We are time-crunched and over-scheduled, with demands from our work and personal lives that can make us feel overwhelmed. Who hasn’t looked at their to-do list recently and thought “how am I ever going to get it all done?”
Being overwhelmed by mounting workloads can show up in all kinds of ways – from missing deadlines, failing to return phone calls and emails, to running late for meetings. Its effects carry over outside of work, too, with impatience in traffic or grocery store lineups, irritability with our loved ones and an overall feeling of not being able to keep up with the incessant demands on our time.
Dealing with constant change, shifting priorities, high expectations, 24/7 connectivity, and the need to do more with less makes for a stressful workplace. It’s well known that ongoing stress has negative health effects. There’s also an awareness that burnout is a serious concern in the workplace. A recent CareerWise blog post explored the high cost of burnout in helping professions and gave pointers for identifying and coping with burnout.
In a recent survey, nearly all senior managers indicated they believe their employees may be experiencing some level of burnout. In the same survey, most employees reported they were experiencing moderate levels of burnout, and more than one in five reported high levels of burnout.
However, because the terms are sometimes used interchangeably, there may be some confusion between feeling overwhelmed by the demands of your work and actually being burned out. While they are both related to unhealthy levels of stress, there is a difference between overwhelm and burnout.
Here are five ways to tell the difference:
1. Over-engagement vs disengagement
When you’re faced with a challenging work assignment, you’ll likely feel some level of stress. If you’re able to rise to the occasion and focus on the work, then you are probably not burned out. You could feel somewhat overwhelmed, but even so you’re able to direct your energy into achieving the task to the best of your ability. Burnout, on the other hand, is characterized by disengagement; if you are burned out, you will not be able to put forth your best efforts.
2. Over-reactive emotion vs no feeling
When feeling overwhelmed by constant interruptions that make it hard to complete your key responsibilities, you may react with irritation, withdraw from others or have angry outbursts, depending on your personality and coping skills. However, if you are burned out, you are too emotionally exhausted to react. Your emotions have become blunted.
3. Worry vs detachment
Someone who is feeling overwhelmed by their workload and wondering how they will manage to achieve their goals or outcomes may feel worried or anxious and these feelings could spill over into other parts of their life. If someone is burned out, however, they are less likely to worry about the workload or the tasks, because they have become detached from work that was once important to them. They have given up and cannot care enough to worry about the work.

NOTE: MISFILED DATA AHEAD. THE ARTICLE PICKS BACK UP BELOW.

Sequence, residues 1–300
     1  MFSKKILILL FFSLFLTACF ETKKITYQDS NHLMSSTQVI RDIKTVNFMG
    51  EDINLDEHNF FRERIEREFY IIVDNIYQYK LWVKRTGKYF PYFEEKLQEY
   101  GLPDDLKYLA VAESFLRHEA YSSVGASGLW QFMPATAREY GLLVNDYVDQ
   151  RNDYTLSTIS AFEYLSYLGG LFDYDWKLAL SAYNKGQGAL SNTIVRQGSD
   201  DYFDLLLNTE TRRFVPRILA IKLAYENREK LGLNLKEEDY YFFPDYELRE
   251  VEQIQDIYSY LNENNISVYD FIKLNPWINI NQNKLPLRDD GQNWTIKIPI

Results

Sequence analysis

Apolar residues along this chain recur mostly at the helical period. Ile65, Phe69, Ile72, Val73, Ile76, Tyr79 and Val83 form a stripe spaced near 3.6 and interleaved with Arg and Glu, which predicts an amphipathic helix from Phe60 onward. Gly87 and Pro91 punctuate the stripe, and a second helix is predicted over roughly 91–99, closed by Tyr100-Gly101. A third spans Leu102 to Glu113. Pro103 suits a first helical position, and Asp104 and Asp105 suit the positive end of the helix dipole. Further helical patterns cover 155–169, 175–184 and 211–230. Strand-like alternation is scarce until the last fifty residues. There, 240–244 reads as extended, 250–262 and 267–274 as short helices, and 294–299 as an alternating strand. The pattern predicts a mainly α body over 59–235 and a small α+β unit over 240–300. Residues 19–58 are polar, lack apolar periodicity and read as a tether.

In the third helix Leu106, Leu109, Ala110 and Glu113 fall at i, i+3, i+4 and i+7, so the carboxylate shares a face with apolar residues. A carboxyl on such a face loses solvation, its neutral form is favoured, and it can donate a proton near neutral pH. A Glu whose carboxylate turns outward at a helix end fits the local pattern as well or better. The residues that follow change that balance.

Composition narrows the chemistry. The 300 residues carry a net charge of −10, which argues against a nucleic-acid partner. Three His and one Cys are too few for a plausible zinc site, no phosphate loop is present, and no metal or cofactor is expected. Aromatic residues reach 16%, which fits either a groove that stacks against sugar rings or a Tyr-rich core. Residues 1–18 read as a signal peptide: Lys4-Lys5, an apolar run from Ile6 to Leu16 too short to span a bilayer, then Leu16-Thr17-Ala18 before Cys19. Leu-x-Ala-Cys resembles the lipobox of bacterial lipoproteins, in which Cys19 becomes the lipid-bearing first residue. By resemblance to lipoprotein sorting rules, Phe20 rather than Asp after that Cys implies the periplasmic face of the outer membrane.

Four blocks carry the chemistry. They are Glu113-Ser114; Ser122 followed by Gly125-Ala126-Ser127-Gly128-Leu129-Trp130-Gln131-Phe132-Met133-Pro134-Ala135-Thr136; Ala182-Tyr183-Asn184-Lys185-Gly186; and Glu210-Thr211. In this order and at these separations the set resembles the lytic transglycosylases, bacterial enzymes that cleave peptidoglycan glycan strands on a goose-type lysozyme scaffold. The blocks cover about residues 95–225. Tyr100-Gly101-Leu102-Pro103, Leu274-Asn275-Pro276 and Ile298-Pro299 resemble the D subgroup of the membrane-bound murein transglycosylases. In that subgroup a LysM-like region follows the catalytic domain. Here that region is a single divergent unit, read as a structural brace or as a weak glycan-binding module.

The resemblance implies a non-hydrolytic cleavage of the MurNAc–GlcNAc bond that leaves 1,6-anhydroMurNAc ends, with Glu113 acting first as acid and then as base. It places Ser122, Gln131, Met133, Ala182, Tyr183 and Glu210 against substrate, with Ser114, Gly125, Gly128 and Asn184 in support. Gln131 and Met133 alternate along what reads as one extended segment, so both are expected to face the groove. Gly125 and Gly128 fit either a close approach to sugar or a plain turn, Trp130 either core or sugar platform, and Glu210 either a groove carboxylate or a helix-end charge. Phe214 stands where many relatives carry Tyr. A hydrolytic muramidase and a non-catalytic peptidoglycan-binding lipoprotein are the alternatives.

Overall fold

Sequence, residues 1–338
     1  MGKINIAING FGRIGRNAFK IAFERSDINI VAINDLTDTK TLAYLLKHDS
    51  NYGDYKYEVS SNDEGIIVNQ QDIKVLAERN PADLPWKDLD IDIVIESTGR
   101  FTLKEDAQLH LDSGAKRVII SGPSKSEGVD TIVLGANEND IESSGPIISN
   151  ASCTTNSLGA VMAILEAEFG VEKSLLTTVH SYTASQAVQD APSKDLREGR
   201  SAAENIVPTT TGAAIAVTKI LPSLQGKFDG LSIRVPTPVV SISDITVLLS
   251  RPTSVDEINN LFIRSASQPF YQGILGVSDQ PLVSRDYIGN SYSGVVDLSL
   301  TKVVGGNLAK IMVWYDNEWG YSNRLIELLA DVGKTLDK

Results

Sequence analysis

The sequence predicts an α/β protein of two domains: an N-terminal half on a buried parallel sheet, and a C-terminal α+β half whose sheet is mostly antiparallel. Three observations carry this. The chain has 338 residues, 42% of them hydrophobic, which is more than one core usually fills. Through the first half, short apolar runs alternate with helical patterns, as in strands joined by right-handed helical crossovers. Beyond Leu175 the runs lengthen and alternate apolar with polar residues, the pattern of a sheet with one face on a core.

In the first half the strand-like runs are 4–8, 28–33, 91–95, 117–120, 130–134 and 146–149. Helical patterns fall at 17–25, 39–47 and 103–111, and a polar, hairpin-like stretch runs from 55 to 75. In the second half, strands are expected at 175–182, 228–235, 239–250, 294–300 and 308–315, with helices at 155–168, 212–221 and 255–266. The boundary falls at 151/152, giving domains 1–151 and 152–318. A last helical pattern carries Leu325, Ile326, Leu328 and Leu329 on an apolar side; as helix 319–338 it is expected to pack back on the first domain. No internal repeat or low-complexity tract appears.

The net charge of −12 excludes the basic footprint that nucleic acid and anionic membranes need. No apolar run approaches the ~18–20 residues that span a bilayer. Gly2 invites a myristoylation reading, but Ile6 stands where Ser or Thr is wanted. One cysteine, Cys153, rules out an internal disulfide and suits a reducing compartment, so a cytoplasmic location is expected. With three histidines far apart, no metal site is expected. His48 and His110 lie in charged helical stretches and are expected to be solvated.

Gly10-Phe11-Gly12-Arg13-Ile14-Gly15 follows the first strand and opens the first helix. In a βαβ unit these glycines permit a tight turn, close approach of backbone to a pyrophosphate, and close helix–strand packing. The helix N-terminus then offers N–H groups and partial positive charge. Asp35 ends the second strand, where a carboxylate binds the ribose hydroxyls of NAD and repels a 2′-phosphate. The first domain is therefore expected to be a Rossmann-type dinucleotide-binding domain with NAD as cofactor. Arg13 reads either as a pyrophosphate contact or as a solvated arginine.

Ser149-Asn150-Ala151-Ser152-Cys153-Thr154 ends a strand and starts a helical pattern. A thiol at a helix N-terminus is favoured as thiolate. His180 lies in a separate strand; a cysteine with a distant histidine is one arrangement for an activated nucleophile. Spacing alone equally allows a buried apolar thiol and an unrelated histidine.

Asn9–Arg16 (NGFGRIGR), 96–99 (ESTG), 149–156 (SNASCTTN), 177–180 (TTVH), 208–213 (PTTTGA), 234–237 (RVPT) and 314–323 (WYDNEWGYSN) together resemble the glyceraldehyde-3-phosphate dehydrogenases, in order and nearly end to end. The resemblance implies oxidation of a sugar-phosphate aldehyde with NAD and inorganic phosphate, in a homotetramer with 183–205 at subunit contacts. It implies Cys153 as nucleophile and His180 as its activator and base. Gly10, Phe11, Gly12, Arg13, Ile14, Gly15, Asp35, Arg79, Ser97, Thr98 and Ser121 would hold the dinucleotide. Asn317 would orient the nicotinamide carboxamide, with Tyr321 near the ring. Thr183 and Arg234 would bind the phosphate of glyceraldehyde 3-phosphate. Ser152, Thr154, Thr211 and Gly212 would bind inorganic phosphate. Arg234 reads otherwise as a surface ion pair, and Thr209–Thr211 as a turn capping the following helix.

4. “If I can just get everything under control, it will be OK” vs “I don’t see any hope of getting things under control”
If you’re struggling to get everything under control, trying to juggle multiple responsibilities, you may be feeling overwhelmed. But if you are burned out you no longer see any hope of getting things under control. You have lost interest in juggling and have stopped trying because everything seems hopeless.
5. A sense of urgency vs giving up
With important deadlines looming, you may feel a sense of overwhelm and wonder how you will achieve those deadlines. However, if you are spurred on by a sense of urgency and you’re able to focus your energy on the work, you are not burned out. If, on the other hand, you feel unable to muster a sense of urgency, and would rather give up than keep trying, this is a sign of burnout.
How to support a healthy work environment
Both overwhelm and burnout should be taken seriously. If we’re frequently overwhelmed at work, it’s a sign that we’re suffering from too much stress and may indeed be on the path toward burnout. Burnout results from a combination of factors, and overwhelm can be one of them.
By addressing overwhelm at work, we can promote a healthier workplace that supports mental wellness. The benefits to individuals are important and include better health overall and greater peace of mind. The benefits to the organization can include improved teamwork, higher productivity, higher retention rates, and employees who are more grounded and focused on the mission of their work.
On a personal level, we can minimize overwhelm by managing our time more effectively, setting boundaries, prioritizing, becoming aware of the physical signs that we are under too much stress and taking time to care for ourselves.
On an organizational level, management can show support for work-life balance, recognize the role of leadership in promoting a healthy workplace, and – the best strategy of all – commit to creating a workplace where mental well-being is a priority.
Our society has embraced a fast-paced and often stressful lifestyle and it’s unlikely that will change. So, it is up to us to take steps to mitigate the negative effects of stress and to recognize when burnout is on the horizon, for ourselves or our colleagues, so that preventive measures can be taken. Because overwhelm can be an early warning signal of impending burnout, we should all be aware of the signs.
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